• predictive coding
  • cognitive dissonance
  • affordance theory
  • ecological rationality
  • Cultural evolution
  • ACTIVE INFERENCE
  • FREE-ENERGY
  • affordances
  • AUTISM
  • PRIORS
  • BRAIN
  • 5144 Social psychology
  • 6162 Cognitive science

Cite this

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abstract = "This article is a comparative study between predictive processing (PP, or predictive coding) and cognitive dissonance (CD) theory. The theory of CD, one of the most influential and extensively studied theories in social psychology, is shown to be highly compatible with recent developments in PP. This is particularly evident in the notion that both theories deal with strategies to reduce perceived error signals. However, reasons exist to update the theory of CD to one of “predictive dissonance.” First, the hierarchical PP framework can be helpful in understanding varying nested levels of CD. If dissonance arises from a cascade of downstream and lateral predictions and consequent prediction errors, dissonance can exist at a multitude of scales, all the way up from sensory perception to higher order cognitions. This helps understand the previously problematic dichotomy between “dissonant cognitive relations” and “dissonant psychological states,” which are part of the same perception-action process while still hierarchically distinct. Second, since PP is action-oriented, it can be read to support recent action-based models of CD. Third, PP can potentially help us understand the recently speculated evolutionary origins of CD. Here, the argument is that responses to CD can instill meta-learning which serves to prevent the overfitting of generative models to ephemeral local conditions. This can increase action-oriented ecological rationality and enhanced capabilities to interact with a rich landscape of affordances. The downside is that in today’s world where social institutions such as science a priori separate noise from signal, some reactions to predictive dissonance might propagate ecologically unsound (underfitted, confirmation-biased) mental models such as climate denialism.",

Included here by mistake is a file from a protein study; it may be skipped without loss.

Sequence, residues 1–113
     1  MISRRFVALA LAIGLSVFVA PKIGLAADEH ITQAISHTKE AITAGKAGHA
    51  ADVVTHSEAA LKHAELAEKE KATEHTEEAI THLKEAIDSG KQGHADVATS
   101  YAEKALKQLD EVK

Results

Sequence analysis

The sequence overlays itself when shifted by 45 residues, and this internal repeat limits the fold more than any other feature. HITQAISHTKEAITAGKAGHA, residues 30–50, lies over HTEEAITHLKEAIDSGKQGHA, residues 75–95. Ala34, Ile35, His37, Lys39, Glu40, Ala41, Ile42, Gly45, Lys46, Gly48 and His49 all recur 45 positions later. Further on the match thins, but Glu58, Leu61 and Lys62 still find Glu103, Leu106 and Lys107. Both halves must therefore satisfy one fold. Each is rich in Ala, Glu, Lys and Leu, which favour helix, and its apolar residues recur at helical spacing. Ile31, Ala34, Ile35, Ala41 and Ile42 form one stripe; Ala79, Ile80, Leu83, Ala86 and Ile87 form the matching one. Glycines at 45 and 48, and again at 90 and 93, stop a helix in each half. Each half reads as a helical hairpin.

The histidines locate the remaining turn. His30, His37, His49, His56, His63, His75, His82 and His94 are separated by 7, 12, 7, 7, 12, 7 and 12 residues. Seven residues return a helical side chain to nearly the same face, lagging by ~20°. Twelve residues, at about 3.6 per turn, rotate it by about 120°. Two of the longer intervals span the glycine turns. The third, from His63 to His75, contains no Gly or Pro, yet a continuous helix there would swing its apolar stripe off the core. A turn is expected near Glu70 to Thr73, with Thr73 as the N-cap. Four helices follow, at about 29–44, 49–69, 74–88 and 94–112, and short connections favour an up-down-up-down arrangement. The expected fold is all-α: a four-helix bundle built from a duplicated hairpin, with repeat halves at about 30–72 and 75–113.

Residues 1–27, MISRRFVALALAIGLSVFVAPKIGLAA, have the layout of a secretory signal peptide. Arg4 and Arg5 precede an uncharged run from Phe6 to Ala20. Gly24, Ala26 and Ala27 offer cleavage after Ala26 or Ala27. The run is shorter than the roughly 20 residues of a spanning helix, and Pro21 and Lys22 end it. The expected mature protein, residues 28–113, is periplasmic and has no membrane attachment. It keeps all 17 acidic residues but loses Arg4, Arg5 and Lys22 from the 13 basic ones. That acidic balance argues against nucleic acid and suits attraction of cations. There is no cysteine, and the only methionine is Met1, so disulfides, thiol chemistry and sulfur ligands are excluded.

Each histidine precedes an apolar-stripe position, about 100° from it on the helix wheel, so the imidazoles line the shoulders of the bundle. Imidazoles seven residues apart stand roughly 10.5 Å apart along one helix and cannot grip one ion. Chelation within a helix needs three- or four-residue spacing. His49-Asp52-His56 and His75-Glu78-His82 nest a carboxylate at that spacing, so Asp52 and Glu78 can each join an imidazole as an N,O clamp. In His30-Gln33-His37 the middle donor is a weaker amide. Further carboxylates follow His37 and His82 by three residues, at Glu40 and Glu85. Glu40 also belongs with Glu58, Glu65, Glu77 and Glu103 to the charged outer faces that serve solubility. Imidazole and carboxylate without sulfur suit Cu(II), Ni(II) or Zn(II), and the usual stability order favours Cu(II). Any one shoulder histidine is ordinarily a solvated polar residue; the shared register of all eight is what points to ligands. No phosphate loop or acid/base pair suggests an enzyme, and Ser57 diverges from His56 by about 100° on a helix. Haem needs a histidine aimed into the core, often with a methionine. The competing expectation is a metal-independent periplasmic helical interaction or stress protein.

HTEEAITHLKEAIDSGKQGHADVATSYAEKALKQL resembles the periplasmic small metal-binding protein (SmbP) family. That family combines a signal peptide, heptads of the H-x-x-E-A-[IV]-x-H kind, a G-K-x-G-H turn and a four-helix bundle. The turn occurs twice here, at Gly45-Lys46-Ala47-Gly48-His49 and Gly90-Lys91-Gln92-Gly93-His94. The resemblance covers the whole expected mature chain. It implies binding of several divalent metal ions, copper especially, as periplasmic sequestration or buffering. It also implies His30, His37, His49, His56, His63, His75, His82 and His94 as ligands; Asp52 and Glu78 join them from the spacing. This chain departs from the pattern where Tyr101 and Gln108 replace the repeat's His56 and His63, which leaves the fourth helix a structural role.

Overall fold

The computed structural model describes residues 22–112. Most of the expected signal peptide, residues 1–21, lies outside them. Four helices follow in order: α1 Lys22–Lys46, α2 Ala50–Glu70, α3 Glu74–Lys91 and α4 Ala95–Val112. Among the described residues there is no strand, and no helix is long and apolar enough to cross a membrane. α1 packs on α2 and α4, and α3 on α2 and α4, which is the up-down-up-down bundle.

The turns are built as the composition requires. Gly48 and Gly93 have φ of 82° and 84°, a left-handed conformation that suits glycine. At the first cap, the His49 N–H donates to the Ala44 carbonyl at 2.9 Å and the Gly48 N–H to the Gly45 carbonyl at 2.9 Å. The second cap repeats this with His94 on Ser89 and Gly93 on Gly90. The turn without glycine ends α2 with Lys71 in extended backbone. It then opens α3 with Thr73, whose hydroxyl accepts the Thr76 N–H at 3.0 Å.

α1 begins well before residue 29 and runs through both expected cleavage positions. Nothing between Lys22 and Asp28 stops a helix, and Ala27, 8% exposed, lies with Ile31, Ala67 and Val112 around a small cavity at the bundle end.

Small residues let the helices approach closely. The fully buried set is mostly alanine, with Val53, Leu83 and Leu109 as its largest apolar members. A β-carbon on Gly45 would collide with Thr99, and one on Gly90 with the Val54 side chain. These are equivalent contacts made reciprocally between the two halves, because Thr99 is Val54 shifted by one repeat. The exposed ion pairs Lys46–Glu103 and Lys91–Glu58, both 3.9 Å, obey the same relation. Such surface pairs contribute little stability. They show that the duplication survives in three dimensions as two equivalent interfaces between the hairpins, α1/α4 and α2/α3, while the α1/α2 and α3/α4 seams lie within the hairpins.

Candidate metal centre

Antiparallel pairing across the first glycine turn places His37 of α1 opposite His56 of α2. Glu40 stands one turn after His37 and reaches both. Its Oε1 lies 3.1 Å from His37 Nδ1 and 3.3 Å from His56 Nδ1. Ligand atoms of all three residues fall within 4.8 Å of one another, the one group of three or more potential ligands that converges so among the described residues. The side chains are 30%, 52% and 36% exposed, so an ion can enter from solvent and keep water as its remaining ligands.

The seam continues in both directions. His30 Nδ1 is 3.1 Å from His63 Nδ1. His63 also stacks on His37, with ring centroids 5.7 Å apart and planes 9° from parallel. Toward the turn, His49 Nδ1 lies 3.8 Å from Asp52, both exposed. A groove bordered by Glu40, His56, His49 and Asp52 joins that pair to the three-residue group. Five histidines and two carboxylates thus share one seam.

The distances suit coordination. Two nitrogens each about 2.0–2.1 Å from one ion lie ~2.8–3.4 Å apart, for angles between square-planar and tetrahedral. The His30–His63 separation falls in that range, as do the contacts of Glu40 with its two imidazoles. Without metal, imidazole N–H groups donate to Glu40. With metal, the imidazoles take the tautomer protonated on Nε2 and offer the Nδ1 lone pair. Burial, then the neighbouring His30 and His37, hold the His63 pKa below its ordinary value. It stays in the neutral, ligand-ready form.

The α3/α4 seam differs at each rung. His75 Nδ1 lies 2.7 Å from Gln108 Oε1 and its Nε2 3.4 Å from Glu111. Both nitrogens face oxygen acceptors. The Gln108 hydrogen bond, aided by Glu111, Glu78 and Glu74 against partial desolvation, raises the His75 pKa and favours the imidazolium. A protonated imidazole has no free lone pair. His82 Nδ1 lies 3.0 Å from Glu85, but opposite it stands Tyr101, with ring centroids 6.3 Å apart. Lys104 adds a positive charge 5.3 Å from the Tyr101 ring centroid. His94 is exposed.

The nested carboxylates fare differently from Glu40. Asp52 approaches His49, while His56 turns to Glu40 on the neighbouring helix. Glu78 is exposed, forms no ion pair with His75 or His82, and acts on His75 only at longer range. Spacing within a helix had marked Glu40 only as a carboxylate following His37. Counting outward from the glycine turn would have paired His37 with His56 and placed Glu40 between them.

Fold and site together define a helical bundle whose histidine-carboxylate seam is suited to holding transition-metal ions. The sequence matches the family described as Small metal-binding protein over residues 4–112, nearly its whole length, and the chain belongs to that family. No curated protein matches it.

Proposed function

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A Theory of Predictive Dissonance : Predictive Processing Presents a New Take on Cognitive Dissonance. / Kaaronen, Roope Oskari.